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BA.4 and BA.5 Variants of Omicron Responsible for Rise in U.S. COVID Cases


The related omicron subvariants BA.4 and BA.5 that emerged in the Republic of South Africa are now the predominant strains in the U.S.  At the beginning of June CDC estimated that BA.5 accounted for seven percent of cases rising to 70 percent for the two subvariants combined at the beginning of July.  Studies conducted in the U.S. and South Africa show that the two subvariants are capable of evading immunity from previous exposure to COVID or from vaccination.  Both subvariants show increased transmissibility compared to Omicron BA.1.  It is estimated that BA.5 has the potential to increase incident cases to the high level recorded in January following the appearance of this strain. During the first week of July the average number of cases attained 105,000 per day.


On the positive side, neither BA.4 nor BA.5 appears to be more pathogenic than other Omicron variants.  South Africa noted an increase in hospitalizations as a result of the mutation of SARS-COV-2 to BA.5 but mortality remained at a constant level.


In response to the new Omicron subvariants, FDA has requested vaccine manufacturers to modify mRNA vaccines to provide enhanced protection.  It is anticipated that more effective vaccines will be available in the fall to mount a National booster campaign.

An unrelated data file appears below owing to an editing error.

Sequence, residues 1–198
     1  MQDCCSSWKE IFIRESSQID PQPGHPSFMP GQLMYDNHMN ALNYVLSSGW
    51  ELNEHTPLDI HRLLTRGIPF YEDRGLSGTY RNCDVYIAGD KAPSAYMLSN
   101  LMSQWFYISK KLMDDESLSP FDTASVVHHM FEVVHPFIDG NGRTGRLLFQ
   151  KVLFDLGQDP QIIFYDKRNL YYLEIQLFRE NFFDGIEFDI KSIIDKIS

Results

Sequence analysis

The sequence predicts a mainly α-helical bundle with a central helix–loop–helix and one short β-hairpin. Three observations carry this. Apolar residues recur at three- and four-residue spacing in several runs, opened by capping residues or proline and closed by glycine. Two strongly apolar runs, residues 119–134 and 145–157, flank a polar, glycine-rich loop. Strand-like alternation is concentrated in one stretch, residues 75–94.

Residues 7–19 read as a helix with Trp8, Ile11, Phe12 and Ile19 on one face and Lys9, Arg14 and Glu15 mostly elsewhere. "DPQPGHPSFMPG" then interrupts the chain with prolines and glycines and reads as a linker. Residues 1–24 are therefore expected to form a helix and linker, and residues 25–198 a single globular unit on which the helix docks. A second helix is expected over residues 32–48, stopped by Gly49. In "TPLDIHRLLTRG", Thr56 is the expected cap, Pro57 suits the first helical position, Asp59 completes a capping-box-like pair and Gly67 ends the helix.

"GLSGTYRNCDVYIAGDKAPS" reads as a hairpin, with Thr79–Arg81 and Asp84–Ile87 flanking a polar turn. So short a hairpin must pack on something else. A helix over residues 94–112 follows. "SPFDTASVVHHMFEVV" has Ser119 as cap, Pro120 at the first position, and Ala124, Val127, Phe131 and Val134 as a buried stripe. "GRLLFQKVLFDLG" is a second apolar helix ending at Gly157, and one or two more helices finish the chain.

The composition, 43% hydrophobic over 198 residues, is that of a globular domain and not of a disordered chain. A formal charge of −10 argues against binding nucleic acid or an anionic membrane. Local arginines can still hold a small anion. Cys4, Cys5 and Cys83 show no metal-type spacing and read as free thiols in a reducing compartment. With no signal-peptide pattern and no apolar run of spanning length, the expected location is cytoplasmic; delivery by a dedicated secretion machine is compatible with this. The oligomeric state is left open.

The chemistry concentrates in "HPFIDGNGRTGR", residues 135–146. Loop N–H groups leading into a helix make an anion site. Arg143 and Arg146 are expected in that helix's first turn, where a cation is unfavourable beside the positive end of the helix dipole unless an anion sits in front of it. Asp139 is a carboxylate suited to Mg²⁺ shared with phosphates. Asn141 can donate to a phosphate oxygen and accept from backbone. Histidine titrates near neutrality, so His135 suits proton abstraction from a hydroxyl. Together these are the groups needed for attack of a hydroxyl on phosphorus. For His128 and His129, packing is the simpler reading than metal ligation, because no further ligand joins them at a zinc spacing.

The poultry industry is well aware of the ability of coronaviruses to undergo mutation and to demonstrate a range of tissue tropism.  Variants of infectious bronchitis are constantly emerging, impacting the respiratory or reproductive tracts with evidence of prolonged shedding.  At the present time, the deleterious effects of IB are constrained by administration of live vaccines as primers followed by an inactivated oil emulsion booster for parents and commercial egg flocks. Live attenuated vaccines are administered sequentially to commercial broiler and pullet progeny to extend maternal immunity. 


The current practice of administering live attenuated vaccines to large concentrations of chickens although relatively effective over the past 70 years will have to be reevaluated. It is possible that research on SARS-CoV-2 may possibly lead to introduction of broad-spectrum mRNA infectious bronchitis vaccines applying technology developed during the past three years to control COVID.  At this time all mRNA vaccines are administered by the parental route. More effective alternative vaccines that can be administered by the spray route will be required to protect commercial flocks.